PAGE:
Light detection and ranging (Lidar) technology has been around for more than a decade and its 3D distance-measurement capabilities are seen as a key element in the future success of autonomous vehicles (AVs). But Dr Jun Pei, the boss of Silicon Valley start-up Cepton Technologies, thinks Lidar can be used right now for something even more fundamental. When Pei, an engineer by training, worked at Lidar inventor Velodyne more than 10 years ago, Lidar was “a fashion product, a new thing for the Darpa Grand Challenge [an AV competition funded by the US Defense Advanced Research Projects Agency]”, he recalls. “And over the last, say, five years or so it has become more and more of a norm as almost an enabler for AVs.”
But Cepton “only partially” sees Lidar in this way: it is more interested in the technology’s role in advanced driver-assistance (ADAS) programmes. “As Lidar technology becomes more and more mature and the cost becomes lower and lower, we actually consider Lidar as a safety device for cars,” Pei explains. “It’s almost like your temperature sensor in your radiator.”
Such sensors did not use to exist in cars. Pei often drives from his home in San Francisco to Los Angeles, a six-hour journey. Thirty years or so ago, at the side of the road, he would always see “one or two cars broken down, you know, with some smoke coming out”.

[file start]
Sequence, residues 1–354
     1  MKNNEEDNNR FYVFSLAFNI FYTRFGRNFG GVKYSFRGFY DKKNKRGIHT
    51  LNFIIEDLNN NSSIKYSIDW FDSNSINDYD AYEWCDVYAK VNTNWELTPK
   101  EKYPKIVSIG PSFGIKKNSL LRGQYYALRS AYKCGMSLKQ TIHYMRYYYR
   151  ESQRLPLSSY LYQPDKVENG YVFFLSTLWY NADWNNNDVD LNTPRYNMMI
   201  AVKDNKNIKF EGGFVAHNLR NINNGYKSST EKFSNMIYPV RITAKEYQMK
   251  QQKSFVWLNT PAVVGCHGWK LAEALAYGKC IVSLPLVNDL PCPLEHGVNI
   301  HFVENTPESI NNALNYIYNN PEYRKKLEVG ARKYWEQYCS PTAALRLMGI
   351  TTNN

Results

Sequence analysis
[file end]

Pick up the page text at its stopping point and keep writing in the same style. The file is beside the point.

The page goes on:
But not anymore, he says. And the reason for this is warning sensors telling you to get to a garage before teething problems with the engine become a full-blown crisis. “Of course that’s at a very low level: ‘don’t
break down’,” he points out. “But the next level of sensor is ‘don’t get into an accident’. As it becomes mature and the cost becomes reasonably low, Lidar will actually become a critical safety sensor that can cover many, many things that the radar and the camera cannot cover.”
Combining radar and cameras means you “take care of 99%” of the safety issues that a driver will experience on the road, he says. “The problem is that 1%: you cannot just claim that every time you drive a car, one out of 100 times you’re going to die. That’s not very good.”
The 1% in this case is “the most difficult part - all the corner cases when the person shows up from the side of the road, in the darkness”.